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Chad Parsons on Jun 23: While touchdown regression is a strong likelihood after 16 scores a year ago, Kupp is the WR1 for an offense paired with Matthew Stafford and Sean McVay. Also, Robert Woods exits and Allen Robinson, off a career-worst season, enters as a potential replacement.
Andy Hicks on Jun 14: Cooper Kupp almost broke the Calvin Johnson receiving yards record and the Michael Thomas reception record. Add in 16 touchdowns and his lead in fantasy points over the second ranked receiver, Davante Adams, was almost embarrassing. It stands to reason that a historical season like Kupps 2021 year will be impossible to match or even get close to. Allen Robinson comes over and maybe even Odell Beckham comes back. Kupp could drop by a huge number of fantasy points and still be the number one fantasy receiver. A safe investment in all formats.
Jason Wood on Jun 7: Kupp just delivered the best fantasy season in NFL history. While regression is almost assured, he could fall back a lot and still be this year's No. 1 receiver. He's an easy first-rounder in every league.
Ryan Weisse on Jun 1: Even having Kupp at WR2 after what he did last season feels weird. The fact is that his 2021 was historical and asking to repeat that feels like a stretch. With 60 more targets than he has ever seen in a season, he caught 76% of the balls thrown his way, 4% higher than his career average. Regression seems inevitable. He is locked in as a top-5 wide receiver but a step back keeps him from the top spot.
Jeff Bell on May 31: Allen Robinson should not command much more attention than Robert Woods / Odell Beckham Jr. did in 2021, setting the stage for Kupp as the clear top wide receiver. Kupp's 191 targets were staggering, 22 more than the second-place Davante Adams and Diontae Johnson. He completed the second-highest season in receptions and receiving yards.
Jeff Haseley on May 23: Cooper Kupp was a tremendous offensive weapon for the championship Rams in 2021. He will once again be the top target for Matthew Stafford and should pick up where he left off. He has a sharp mind for the game which gives him an edge to be leaned on by his team, but he also knows how to take advantage of defenders who face him. He's the top wide receiver in the league and that's not changing in 2022.
Chad Parsons on Jun 23: Jefferson elevated his lofty rookie season game to new heights in 2021, averaging nearly 100 yards per game and logging 10 touchdowns. There is touchdown upside still in play for Jefferson to hit a WR1 overall finish as Adam Thielen devolves into being a quality option, but a clearly secondary one, in the Vikings passing game.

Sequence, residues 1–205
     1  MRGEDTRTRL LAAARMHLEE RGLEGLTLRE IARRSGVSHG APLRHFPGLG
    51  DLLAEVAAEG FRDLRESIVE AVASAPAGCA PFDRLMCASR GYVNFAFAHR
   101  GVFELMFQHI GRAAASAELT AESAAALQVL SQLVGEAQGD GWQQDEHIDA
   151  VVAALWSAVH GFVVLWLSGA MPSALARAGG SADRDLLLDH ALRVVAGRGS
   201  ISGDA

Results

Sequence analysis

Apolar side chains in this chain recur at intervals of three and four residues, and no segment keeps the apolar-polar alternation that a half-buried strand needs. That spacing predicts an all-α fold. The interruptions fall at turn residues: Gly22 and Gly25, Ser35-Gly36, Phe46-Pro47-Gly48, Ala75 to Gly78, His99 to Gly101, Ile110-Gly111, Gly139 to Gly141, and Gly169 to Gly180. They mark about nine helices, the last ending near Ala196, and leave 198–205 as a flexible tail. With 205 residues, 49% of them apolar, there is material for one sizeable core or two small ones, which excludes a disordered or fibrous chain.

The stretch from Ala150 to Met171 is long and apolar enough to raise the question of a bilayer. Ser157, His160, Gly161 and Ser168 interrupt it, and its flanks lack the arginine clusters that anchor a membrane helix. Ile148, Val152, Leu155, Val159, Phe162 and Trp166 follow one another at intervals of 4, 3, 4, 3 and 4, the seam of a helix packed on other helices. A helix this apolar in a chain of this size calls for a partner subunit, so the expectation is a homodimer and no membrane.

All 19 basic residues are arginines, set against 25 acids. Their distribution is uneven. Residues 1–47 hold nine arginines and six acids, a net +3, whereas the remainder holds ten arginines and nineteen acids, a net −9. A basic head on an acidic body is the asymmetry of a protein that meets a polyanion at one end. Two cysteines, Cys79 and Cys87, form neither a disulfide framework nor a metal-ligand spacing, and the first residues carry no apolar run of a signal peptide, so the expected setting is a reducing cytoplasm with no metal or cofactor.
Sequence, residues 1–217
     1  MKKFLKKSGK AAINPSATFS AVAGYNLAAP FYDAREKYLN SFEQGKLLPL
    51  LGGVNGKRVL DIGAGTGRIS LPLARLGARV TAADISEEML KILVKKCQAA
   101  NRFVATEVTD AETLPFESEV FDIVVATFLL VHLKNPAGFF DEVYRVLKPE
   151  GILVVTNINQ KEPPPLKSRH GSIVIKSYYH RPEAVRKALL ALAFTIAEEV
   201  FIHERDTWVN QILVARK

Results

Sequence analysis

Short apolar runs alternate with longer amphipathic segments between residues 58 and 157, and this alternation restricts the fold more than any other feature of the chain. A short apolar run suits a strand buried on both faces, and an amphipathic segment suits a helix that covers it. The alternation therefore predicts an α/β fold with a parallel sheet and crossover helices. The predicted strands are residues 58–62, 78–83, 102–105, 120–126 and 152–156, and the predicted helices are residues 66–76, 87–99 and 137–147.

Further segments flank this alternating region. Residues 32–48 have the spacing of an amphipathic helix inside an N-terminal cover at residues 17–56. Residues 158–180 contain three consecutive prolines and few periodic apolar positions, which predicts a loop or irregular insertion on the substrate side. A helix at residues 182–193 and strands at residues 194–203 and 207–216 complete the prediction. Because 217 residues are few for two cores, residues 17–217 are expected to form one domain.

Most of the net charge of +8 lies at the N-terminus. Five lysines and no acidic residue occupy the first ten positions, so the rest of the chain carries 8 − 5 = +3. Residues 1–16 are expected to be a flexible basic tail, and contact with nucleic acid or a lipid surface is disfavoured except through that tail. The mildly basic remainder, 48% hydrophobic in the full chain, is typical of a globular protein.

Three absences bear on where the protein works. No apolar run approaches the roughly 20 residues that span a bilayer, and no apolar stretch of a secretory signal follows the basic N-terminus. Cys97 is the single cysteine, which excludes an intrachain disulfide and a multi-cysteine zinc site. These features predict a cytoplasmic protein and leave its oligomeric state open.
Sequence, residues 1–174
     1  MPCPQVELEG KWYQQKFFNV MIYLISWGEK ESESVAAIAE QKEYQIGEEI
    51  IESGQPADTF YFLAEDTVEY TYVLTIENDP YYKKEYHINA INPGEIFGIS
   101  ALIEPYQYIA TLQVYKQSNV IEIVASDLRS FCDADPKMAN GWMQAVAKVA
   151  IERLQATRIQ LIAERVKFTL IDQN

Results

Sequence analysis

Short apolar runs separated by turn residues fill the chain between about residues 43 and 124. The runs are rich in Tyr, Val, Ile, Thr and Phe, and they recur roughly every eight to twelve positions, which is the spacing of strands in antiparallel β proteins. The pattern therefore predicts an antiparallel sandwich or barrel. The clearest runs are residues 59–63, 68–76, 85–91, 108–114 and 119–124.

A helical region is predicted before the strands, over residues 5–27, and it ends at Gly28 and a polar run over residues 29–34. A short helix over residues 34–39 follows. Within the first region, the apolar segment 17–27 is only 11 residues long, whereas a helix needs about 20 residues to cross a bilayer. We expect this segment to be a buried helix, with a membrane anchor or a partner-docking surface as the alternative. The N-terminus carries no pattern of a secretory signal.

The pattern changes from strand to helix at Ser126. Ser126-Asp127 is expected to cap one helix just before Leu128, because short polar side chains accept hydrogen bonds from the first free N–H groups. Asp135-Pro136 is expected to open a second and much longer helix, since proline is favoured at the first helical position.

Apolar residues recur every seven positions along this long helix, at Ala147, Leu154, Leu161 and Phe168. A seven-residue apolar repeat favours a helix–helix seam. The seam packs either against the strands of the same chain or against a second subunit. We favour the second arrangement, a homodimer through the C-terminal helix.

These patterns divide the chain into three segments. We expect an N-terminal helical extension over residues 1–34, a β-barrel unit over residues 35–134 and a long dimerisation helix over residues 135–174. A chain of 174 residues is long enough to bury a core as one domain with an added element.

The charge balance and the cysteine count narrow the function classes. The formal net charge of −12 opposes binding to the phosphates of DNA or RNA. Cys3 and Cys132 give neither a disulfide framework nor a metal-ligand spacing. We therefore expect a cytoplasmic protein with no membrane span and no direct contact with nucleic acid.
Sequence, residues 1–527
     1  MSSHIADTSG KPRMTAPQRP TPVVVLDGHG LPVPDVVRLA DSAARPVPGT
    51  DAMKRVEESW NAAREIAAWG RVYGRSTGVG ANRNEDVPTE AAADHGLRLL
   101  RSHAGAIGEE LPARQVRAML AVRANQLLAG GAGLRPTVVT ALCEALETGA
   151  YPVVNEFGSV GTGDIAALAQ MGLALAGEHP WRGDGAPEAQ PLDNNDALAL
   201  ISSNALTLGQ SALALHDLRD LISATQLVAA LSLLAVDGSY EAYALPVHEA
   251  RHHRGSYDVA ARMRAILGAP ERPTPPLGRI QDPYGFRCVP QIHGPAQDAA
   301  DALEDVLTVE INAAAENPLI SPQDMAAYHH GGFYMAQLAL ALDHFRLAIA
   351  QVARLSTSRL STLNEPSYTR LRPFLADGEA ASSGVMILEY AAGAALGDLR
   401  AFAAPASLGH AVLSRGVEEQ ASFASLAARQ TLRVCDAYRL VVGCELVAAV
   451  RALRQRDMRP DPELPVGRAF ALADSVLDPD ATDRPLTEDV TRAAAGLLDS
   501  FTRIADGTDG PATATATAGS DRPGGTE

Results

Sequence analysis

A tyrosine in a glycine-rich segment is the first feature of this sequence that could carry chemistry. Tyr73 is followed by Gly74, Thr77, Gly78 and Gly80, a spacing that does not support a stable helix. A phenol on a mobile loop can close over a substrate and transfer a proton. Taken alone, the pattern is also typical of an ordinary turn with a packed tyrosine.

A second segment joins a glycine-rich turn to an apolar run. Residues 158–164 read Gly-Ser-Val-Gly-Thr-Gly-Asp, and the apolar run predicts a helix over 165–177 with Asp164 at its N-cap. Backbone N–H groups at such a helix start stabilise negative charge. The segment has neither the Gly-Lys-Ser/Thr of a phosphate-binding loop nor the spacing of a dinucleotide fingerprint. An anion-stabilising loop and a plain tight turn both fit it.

Andy Hicks on Jun 14: After a dynamic rookie season, Justin Jefferson followed up with an even better second season. With a new coaching group, there always has to be a slight hesitation in an established or rising star. Surprisingly Jefferson still has further improvement in bis game and is a safe option at the top of almost all formats.
Jason Wood on Jun 7: Jefferson followed up an exceptional rookie season with an All-Pro caliber 2021 with 108 receptions, 1,630 yards, and 10 touchdowns. He's one of a handful of receivers worth a first-round pick.
Ryan Weisse on Jun 1: For a number of reasons, 2022 seems like the year we see Jefferson take the crown as the WR1 in all of fantasy football. He was 4th in the league in targets last season but his situation feels more stable than the three receivers ahead of him. Adam Thielen seems like regression is a moment away and there is nothing resembling a 1B on this roster. Jefferson could approach 180 targets and it brings a smile to my face to think what he could do with that volume.
Jeff Bell on May 31: No player has accumulated more receiving yards in the past two seasons than Jefferson, with 3,016. Kevin O'Connell brings in elements of a Rams' system that aided Cooper Kupp's record-threatening 2021 season. The stage is set for Jefferson to flirt with an overall WR1 finish.
Jeff Haseley on May 23: In two years Justin Jefferson has developed into an alpha receiver with one of the most underrated quarterbacks in the game in Kirk Cousins. Another year of top targets and clutch touchdowns is expected.
Chad Parsons on Jun 23: Chase's big-play-infused rookie season is regression-worthy with his touchdown rate and yards-per-reception. That said, Chase is attached to Joe Burrow and expect the offense to funnel through Chase and Tee Higgins again. Both with a high floor.